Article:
Quick Search:

uzh logo
Browse by:

Zurich Open Repository and Archive

Maintenance: Tuesday, July the 26th 2016, 07:00-10:00

ZORA's new graphical user interface will be relaunched (For further infos watch out slideshow ZORA: Neues Look & Feel). There will be short interrupts on ZORA Service between 07:00am and 10:00 am. Please be patient.

Permanent URL to this publication: http://dx.doi.org/10.5167/uzh-14490

Ege, M J; Herzum, I; Büchele, G; Krauss-Etschmann, S; Lauener, R P; Bitter, S; Roponen, M; Remes, S; Vuitton, D A; Riedler, J; Brunekreef, B; Dalphin, J C; Braun-Fahrländer, C; Pekkanen, J; Renz, H; von Mutius, E (2008). Specific IgE to allergens in cord blood is associated with maternal immunity to Toxoplasma gondii and rubella virus. Allergy, 63(11):1505-1511.

[img] PDF - Registered users only
View at publisher


BACKGROUND: Various studies have found reduced prevalences of atopic sensitization and atopic diseases in children previously exposed to infections or living conditions with a high microbial burden, such as the farming environment. OBJECTIVE: We sought to determine the relationships of cord blood immunoglobulin E (IgE) with maternal health conditions before and during pregnancy. METHODS: Pregnant women living in rural areas in five European countries were recruited in the third trimester of pregnancy. Information on maternal health during pregnancy was collected from maternity records and by questionnaires (n = 497). Specific IgE for inhalant and food allergens was assessed in cord blood and peripheral blood samples of the mothers. RESULTS: Inverse associations of cord blood IgE to seasonal allergens with positive maternal records for Toxoplasma gondii (adjusted odds ratio = 0.37 [0.17-0.81]) and rubella virus (adjusted odds ratio = 0.35 [0.13-0.96]) were found. The previously described effect of prenatal farm exposure on IgE to seasonal allergens was partly confounded by a positive maternal record for T. gondii. The number of maternal siblings, maternal contact to cats during pregnancy or during her first year of life, predicted a positive maternal record for T. gondii. CONCLUSIONS: Maternal immunity to T. gondii and rubella may impact on atopic sensitization in the fetus. A positive T. gondii record explained the previously identified effect of prenatal farm exposure on IgE to seasonal allergens only to a minor extent.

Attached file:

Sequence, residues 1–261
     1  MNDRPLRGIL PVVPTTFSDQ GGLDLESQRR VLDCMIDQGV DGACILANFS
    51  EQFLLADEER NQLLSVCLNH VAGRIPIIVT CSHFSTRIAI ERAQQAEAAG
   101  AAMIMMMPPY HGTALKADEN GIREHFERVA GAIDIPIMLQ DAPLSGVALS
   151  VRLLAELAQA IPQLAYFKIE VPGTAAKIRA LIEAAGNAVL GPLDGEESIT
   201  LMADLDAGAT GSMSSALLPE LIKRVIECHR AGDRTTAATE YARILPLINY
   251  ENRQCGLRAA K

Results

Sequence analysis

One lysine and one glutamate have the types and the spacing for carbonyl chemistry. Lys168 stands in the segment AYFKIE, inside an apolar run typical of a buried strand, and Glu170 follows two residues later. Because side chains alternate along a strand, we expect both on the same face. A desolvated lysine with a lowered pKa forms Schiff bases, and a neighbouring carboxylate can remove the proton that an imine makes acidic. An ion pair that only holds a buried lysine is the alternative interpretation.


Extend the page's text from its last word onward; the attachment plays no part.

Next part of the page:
10 citations in Web of Science®
13 citations in Scopus®
Google Scholar™



1 download since deposited on 04 Mar 2009
0 downloads since 12 months

Detailed statistics

Additional indexing

Item Type:Journal Article, refereed, original work
Communities & Collections:04 Faculty of Medicine > University Children's Hospital Zurich > Medical Clinic
Dewey Decimal Classification:610 Medicine & health
Deposited On:04 Mar 2009 17:02
Last Modified:05 Apr 2016 13:03
Publisher DOI:10.1111/j.1398-9995.2008.01793.x
PubMed ID:18925886

Users (please log in): suggest update or correction for this item

Repository Staff Only: item control page